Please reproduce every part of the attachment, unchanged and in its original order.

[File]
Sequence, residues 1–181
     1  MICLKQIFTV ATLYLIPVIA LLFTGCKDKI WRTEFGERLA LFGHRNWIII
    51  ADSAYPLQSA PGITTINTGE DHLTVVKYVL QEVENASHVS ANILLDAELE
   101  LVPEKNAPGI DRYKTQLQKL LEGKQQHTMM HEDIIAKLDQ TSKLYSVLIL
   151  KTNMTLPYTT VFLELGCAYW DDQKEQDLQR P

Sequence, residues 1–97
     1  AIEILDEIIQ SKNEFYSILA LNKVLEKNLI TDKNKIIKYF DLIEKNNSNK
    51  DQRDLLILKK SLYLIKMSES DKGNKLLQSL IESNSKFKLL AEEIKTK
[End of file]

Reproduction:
Sequence, residues 1–181
     1  MICLKQIFTV ATLYLIPVIA LLFTGCKDKI WRTEFGERLA LFGHRNWIII
    51  ADSAYPLQSA PGITTINTGE DHLTVVKYVL QEVENASHVS ANILLDAELE
   101  LVPEKNAPGI DRYKTQLQKL LEGKQQHTMM HEDIIAKLDQ TSKLYSVLIL
   151  KTNMTLPYTT VFLELGCAYW DDQKEQDLQR P

Sequence, residues 1–97
     1  AIEILDEIIQ SKNEFYSILA LNKVLEKNLI TDKNKIIKYF DLIEKNNSNK
    51  DQRDLLILKK SLYLIKMSES DKGNKLLQSL IESNSKFKLL AEEIKTK